Reading Between the Lines

The improver of natural knowledge absolutely refuses to acknowledge authority, as such. For him, scepticism is the highest of duties; blind faith the one unpardonable sin. And it cannot be otherwise, for every great advance in natural knowledge has involved the absolute rejection of authority, the cherishing of the keenest scepticism. —Thomas Huxley (On the Advisableness of Improving Natural Knowledge, 1866) Critical Thinkers know that real debates take place ‘between the lines’, and, all too often, ‘under the mental radar’. The Critical Thinkers’ job is to pull the real issues into plain view and, if necessary, shoot them down! I introduce you here to some of the core skills of Critical Thinking: ‘reading between the lines’, examining the evidence and quickly deconstructing texts. (The chapters in Part III provide loads more info on how to do just that.) Challenging people’s rationality Do you know people whose views don’t seem to be based on any sort of rational assessment of the world, but rather on dodgy information easily imbibed — or even on blatant prejudices? Me too. And what’s more, at least some of my views — and some of your views — also fall into this rather illogical category. The fact is, even though Aristotle called men (not women, he was emphatically prejudiced) ‘rational animals’, people rarely use their rational facility in practice. (I discuss this subject in more depth in Chapter 13.) More subtly, people often present good reasons for their positions, but in reality arrive at their views for quite different ones. The good reasons are irrelevant, as you sometimes find out if you present some solid arguments that tend to disprove them. For example, suppose your neighbours buy a 4-wheel drive, all-terrain car, and insist that it is vital for when the family goes mountaineering and camping. Yet the fact is that they rarely go anywhere more remote than the nearest supermarket and hate getting their shiny car dirty. Could the real reason be that having a tank-sized car bolsters their sense of self-importance? Or maybe the government says that it has to charge students tuition fees — otherwise there won’t be enough money for everyone who wants to go to college in the future. Good reason! Odd then that the fees system actually costs more to operate than the previous universal grants system. Could the real reason for the change be something to do with dismantling the political edifice of the welfare state? Arguments may exist for doing that too, but that’s straying into politics. I’m not saying one way or the other, but I am recommending the habit of looking a little harder at the reasons and explanations people give. Dipping into the Critical Thinking skills toolbox I think of Critical Thinking as a toolbox. Philosophers have a long tradition of seeing argument skills as tools (read the nearby sidebar ‘Totting up Aristotle’s tools’ for more). Critical Thinking isn’t one tool, but lots. Plus, its skills can do a lot more than most of its experts seem to be aware of — because most of them come from too narrow a base. Totting up Aristotle’s tools The most famous writings on ‘how to argue’ are the 2,000-year-old books of Aristotle. His followers gathered them together and called the collection Organon — which is Greek for ‘tool’. Interestingly, this title reflects a controversy at the heart of philosophy that has never gone away: is logic the purest form of philosophy or merely a tool that philosophers use? So this obscure bit of Ancient Greek is surprisingly political, taking sides in an educational controversy that continues to rage today. Logic is a central Critical Thinking tool. You can see the kind of logic that it uses as a mental screwdriver with two different purposes: it enables you to take arguments completely apart and mend and reassemble them. Critical Thinking also has creative uses, such as prototyping and brainstorming (see Chapters 6 and 7, respectively). These ‘hammer-and-nails’ skills, with plenty of glue added in, are great for creating new solutions and visualising possibilities. Plus, don’t forget the social and emotional components of Critical Thinking (which I cover in Chapters 3 and 4, respectively): I like to think of these as the measuring tools in the kit — maybe as the spirit level too. Philosophical and mathematical logic is a solitary process: one person (or computer) can take on the world. After churning through a formal proof and finding a contradiction, the matter is closed! But Critical Thinking involves questioning — challenging arguments, methods, ideas and findings, demanding the context and the background. Therefore, it’s a more sociable business, where people explore and create truths collectively. Ordering your thinking: Reason, analyse and then argue In that order please! Uncritical Thinkers may start by arguing, and then pause to analyse and finally search for reasons, but making the argument follow the reasoning (not the other way around) is much better. Philosophers prefer to see Critical Thinking as a course in informal logic: the study of arguments expressed in natural language, where an argument being valid isn’t enough — the conclusion has to be useful too. The chapters in Part IV are all about that and where I take a good look at the key skills of informal logic (for example, the ‘fallacies’ that many Critical Thinking experts wax long on). But don’t be too excited at the prospect of using logic to conquer the world, because as I explain its powers are strictly limited. The difference between a sound argument and a fallacy is often far from black and white. Which isn’t to imply that people don’t make lots of silly mistakes and lousy arguments. Check out some logical pitfalls in Chapter 16. On the other hand, don’t let any of these concerns put you off using logic skills in your thinking, writing (check out Chapter 10) and speaking (see Chapters 11 and 14), because a little method can go a long way to making your arguments more persuasive and demonstrating the weaknesses in other people’s too. Which logic for Critical Thinking? You can encounter plenty of types of logics: Classical logic, Boolean logic, Quantum logic, Sentential logic and how about a bit of Multi-valued logic or Predicate logic too? Sprinkled with Fuzzy logic? No! Breathe again. . . . Critical Thinking isn’t a sneaky way to make students study logic. It’s not even a form of logic-lite! A fundamental difference exists between all the usual logics and the one that Critical Thinkers include as one of their tools: informal logic. All the other logics are concerned with the form of the arguments, but only informal logic, as the name suggests, is also concerned with the content of arguments — with issues and applications. Researchers have often found that when asked, people can’t really explain why they hold such and such a view, or what they think would count as suitable evidence for the view. Even more worrying for society, is that these same people are extremely reluctant to have their views challenged. Critical Thinking Skills are your antidote to this very common disease. Discovering what kind of thinking you do The one primary and fundamental law of mental action consists in a tendency to generalisation. Feeling tends to spread; connections between feelings awaken feelings; neighboring feelings become assimilated; ideas are apt to reproduce themselves. These are so many formulations of the one law of the growth of mind. When a disturbance of feeling takes place, we have a consciousness of gain, the gain of experience. . . . —CS Peirce (The Architecture of Theories, 1891) The quote above is about how building on what you already think is vital for future growth. But it brings problems. A 19th-century American philosopher, Peirce also indentified three kinds of thinkers, which I shall summarise here (a little creatively) as follows: Sticklers: People who form their beliefs by tenaciously sticking to whichever view they liked most originally — whatever evidence is presented to them and even however circumstances change. If asked to justify their view, they can be very thorough in finding facts to support it, while also refusing to look into anything that appears likely to run against it. (I write about facts and opinions in Chapter 15.) Followers: People who respect anyone or anything that presents itself as ‘authoritative’. They form their view in a group discussion on what they think, say, the professor is saying, or in the absence of an authority figure, on what they imagine is the consensuses view. When they look something up on the Internet, they head for the security of Wikipedia (as they imagine it!) and are reluctant to consult websites run by individuals. These kinds of thinkers, as Peirce says, are useful members of society, because they aid social harmony and cohesion. (Although they may also be found egging on tyrants and persecuting minorities.) But they aren’t useful as far as ideas go. System builders: These are people who try to fit everything into a pre-existing framework. They’re a more sophisticated version of the sticklers. Science is obliged — in practice — to operate on a similar principle. Systemisers are willing to consider new information, but if it requires dismantling the pre-existing structure for understanding the world, they’re likely to reject it. You can read more on how people process information to build knowledge in Chapter 8. According to Peirce, the smart way to see the world is to accept that everything you know may be wrong and start from scratch if need be. Or indeed end up with all the views on an issue demolished with ‘no working hypothesis’ left. Only a true Critical Thinker would do such a thing. Almost all professors of the arts and sciences are egregiously conceited, and derive their happiness from their conceit. —Erasmus Bertrand Russell ascribes this quote to Erasmus, and I can see why he liked it. Russell was a philosopher prepared to argue unpopular views (such as that war is a bad thing) and was put in prison — twice. Russell (refreshingly) took on professors and people in authority, but his point of course applies to everyone. Too few people are really open to new ideas, let alone able to take criticism — unless they’ve taken and really absorbed the lessons of Critical Thinking. US philosopher William James made a similar point when he complained that many people think that they’re thinking when they’re merely rearranging their prejudices. For Critical Thinkers, discerning thought and prejudice is a vital distinction to make and the first step is becoming more aware of your biases. (I examine this issue in Chapter 2.) James also recommends that in many areas, people should decide their position on the basis of feelings, even if they have no good or relevant arguments to support it. How logical is that? Well, not at all, but it’s not a stupid position either. In Chapter 4 I look at some distinctly non-logical ways of approaching problems. Professors tend to tell people to ‘think’, and complain when they don’t — but they fail to offer advice on exactly how to do it. For that, students have to rely largely on their own efforts, or maybe turn to specialist experts such as Edward de Bono. He stresses that thinking is a skill that has to be learned. Critical Thinking definitely owes ‘pioneers’ of thinking skills like him a polite nod, even if the approach here has to be little more, well, scientific. Speaking of which, here’s a scientist to explain about how scientists think: The mere formulation of a problem is far more often essential than its solution, which may be merely a matter of mathematical or experimental skill. To raise new questions, new possibilities, to regard old problems from a new angle requires creative imagination and marks real advances in science. —Albert Einstein (A. Einstein and L. Infeld, The Evolution of Physics, 1938, p.92) Well, he has to come in sooner or later. Einstein’s point about creativity is absolutely spot-on. Check out the nearby sidebar ‘Thinking outside the box’ for an example. Thinking outside the box This anecdote shows how redefining problems can generate new insights. A gardening equipment firm challenged a meeting of engineers to use their collective thinking power to come up with a new kind of lawn mower. After some humming and ahhing, the engineers came up with . . . not very much. Some tinkering and slightly novel refinements, but nothing to create a splash in the marketplace. Then one of the engineers suggested that they return to the original problem; but to ‘go back one step’ and express it in terms of function. Instead of the engineers thinking about how to redesign lawn mowers, which meant that their thoughts followed the usual paths, he said they should think about ‘machines to help people maintain lawns’. This small, even niggly, distinction made all the difference. The engineers even created an entirely new product, based on the imaginative insight of one whose son liked playing with yo-yos. They invented the strimmer, which involves a nylon string whizzing around, thus adding a new annoyance to neighbours everywhere. The power of Critical Thinking! You can read more about creative brainstorming in Chapter 7.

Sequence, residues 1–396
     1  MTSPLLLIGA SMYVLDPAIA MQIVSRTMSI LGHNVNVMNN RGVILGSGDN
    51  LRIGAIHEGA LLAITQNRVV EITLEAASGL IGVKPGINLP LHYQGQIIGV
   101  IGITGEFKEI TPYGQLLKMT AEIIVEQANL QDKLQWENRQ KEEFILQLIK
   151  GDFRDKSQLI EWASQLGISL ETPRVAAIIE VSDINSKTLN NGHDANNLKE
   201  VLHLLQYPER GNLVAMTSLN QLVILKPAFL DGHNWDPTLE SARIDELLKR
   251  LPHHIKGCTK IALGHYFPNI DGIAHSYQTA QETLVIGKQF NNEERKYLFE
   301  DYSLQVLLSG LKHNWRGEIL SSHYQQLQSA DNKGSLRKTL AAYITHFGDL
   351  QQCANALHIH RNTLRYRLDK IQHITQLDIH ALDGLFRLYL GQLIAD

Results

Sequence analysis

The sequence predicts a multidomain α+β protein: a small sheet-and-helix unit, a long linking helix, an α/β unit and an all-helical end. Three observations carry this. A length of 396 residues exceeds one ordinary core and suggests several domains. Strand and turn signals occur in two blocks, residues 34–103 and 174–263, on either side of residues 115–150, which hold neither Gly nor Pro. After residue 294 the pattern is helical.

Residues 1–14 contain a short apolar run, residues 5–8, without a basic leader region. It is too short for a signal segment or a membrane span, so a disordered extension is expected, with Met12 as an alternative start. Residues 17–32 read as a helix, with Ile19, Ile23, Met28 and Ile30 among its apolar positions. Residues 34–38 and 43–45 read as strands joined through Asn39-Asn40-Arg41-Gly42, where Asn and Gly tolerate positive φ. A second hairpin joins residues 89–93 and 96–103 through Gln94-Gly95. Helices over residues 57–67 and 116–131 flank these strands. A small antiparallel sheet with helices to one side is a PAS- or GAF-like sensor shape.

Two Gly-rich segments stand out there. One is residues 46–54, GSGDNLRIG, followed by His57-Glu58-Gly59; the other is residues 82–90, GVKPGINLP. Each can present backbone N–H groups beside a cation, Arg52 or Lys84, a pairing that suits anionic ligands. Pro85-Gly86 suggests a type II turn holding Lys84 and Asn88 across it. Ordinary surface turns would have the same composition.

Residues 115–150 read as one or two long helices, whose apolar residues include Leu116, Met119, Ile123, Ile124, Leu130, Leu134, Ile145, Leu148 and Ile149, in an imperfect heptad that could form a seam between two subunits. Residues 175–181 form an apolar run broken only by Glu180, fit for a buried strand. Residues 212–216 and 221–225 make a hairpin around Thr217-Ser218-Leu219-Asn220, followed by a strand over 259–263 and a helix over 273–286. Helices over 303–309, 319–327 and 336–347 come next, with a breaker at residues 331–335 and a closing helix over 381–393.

Cohen, Martin. Critical Thinking Skills For Dummies (pp. 13-20). Wiley. Kindle Edition.